The early Christians from the third century, did not consider the magi as kings, as we can see from this sculpture on a sarcophagus
Bas-relief of a sarcophagus of the 3rd century of Magi bringing their presents to the Child Jesus. Rome, Italy
What can we understand from that text in the Gospel according to Matthew? What to conclude from the simplicity of that gesture of the Magi?
Their power to interprete the signs allowed them to know that something important was happening; the coming of a new born Jewish King. It was not enough for them to know but also that it was worth to come from as far as they were living to bring the precious gifts of gold, myrrh and frankincense. We do not know the quantity they brought, it could have been a lot or small amount. However, the quantity does not matter for these gifts had symbolic value.
Gold. We know that gold is the privilege of the powerful kings. If we consider the second Book of the Chronical chapter 9 (4) or the first Book of the Kings chapter 10, (5) we can read that the power of King Solomon could be measured to his wealth.
Myrrh and frankincense were delicate parfumes and aromas. It was, and is still today, used in temples. They were of equal and even superior value to the gold. These fragrances were also used in the Temple of Jerusalem. The mixtures were so precious that it was strictly forbidden for personal use. (6)
The beauty of this episode relates how the world received the revelation of a new born King. How the Lord is touching the heart of the people through His Creation. It is amazing to read the response of these Magi who gave everything they could. They were touched they were moved in responding to that particular birth. They recognized in Jesus, a Sovereign Lord over themselves worthy of receiving their gold. They offered Him delicate aromas, as if they were celebrating that particular life that was born. They became living sacrifices through their offer, and through faith they understood the message of the living God. God let Himself be approached by those men.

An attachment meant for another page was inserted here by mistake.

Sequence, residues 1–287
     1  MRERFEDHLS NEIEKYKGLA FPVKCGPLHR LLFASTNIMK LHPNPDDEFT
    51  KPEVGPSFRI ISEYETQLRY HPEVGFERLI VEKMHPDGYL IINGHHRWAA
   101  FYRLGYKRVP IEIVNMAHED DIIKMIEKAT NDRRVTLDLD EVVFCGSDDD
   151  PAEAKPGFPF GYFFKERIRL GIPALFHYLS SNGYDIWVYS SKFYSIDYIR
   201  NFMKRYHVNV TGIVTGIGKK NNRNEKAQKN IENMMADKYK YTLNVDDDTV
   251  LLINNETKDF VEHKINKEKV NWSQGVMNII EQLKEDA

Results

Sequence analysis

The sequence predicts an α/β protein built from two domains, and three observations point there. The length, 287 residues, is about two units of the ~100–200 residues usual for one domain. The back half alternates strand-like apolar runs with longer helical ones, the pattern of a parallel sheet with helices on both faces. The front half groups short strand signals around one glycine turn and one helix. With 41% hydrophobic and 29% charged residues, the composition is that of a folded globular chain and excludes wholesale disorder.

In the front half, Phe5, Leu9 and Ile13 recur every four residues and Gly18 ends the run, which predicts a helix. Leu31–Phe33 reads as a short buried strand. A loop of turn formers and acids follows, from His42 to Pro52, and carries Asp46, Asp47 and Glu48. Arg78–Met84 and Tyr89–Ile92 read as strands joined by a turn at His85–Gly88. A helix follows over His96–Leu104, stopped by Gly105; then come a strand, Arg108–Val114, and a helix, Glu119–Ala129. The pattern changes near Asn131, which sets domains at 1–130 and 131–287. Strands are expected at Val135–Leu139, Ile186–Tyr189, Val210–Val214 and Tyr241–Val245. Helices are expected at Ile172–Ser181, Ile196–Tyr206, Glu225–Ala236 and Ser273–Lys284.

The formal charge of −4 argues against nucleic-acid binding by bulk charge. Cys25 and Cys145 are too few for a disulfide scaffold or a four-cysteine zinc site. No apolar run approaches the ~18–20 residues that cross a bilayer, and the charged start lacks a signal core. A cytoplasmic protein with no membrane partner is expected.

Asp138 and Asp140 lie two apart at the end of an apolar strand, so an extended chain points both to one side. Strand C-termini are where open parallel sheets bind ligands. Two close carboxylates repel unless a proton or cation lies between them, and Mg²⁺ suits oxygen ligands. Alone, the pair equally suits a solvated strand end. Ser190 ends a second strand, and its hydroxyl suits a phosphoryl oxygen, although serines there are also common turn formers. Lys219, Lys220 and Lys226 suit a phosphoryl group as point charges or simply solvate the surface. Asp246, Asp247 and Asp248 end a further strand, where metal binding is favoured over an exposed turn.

Matthew, the Evangelist, tells us that when the Magi arrived to Jerusalem King Heorod was troubled. And not only him but also Jerusalem. The word in Greek is a little stronger for it relates a physical emotion as well. the King and Jerusalem were shaken by the news, agitated. What news could troubled them so much? Were they blind that they did not care for the prophecy of the Old Testament? This is where it hurt them: the news of a new born Jewish king is brought by strangers. It is brought to their attention by magi, these magi that the Lord asked His people to turn away. The news is terrifying for the Jewish, for they were awaken to a specific prophecy of the Old Testament. The priesthood, guardians of the Scrolls of the Word of God, (7) should have been announcing the accomplishement of God’s promises: the coming of the Messiah. This intrusion of the magi in interpreting the signs convenient to the realization of the Divine plan, does not only put forward the fear of King Herod of the coming of a challenging king, but also that the priesthood failed to correctly identify the time that has come.
Those who were declared impure were announcing the Good News found in the Book of Micah. (8)
This passage is teaching us, Christians, the attitude we should have in today’s world so we may not loose our mandate. As Karl Barth was saying, a minister must wake up in the morning with a Bible in one hand and the newspaper in the other. In fact, every Christians should do the same. The analysis of the news is linked to the Bible teaching. We are, too often, reactionnary to what happened in the world as if we were outside of it. We brandish the sword of the Word of God and forget the task we have to fulfill. Through the magi, God was able to trouble His people, for in withdrawing ourself from the world or becoming too critical to it, we forget to carry the Gospel of God’s Love into the world: Love your neighbor as yourself. (9)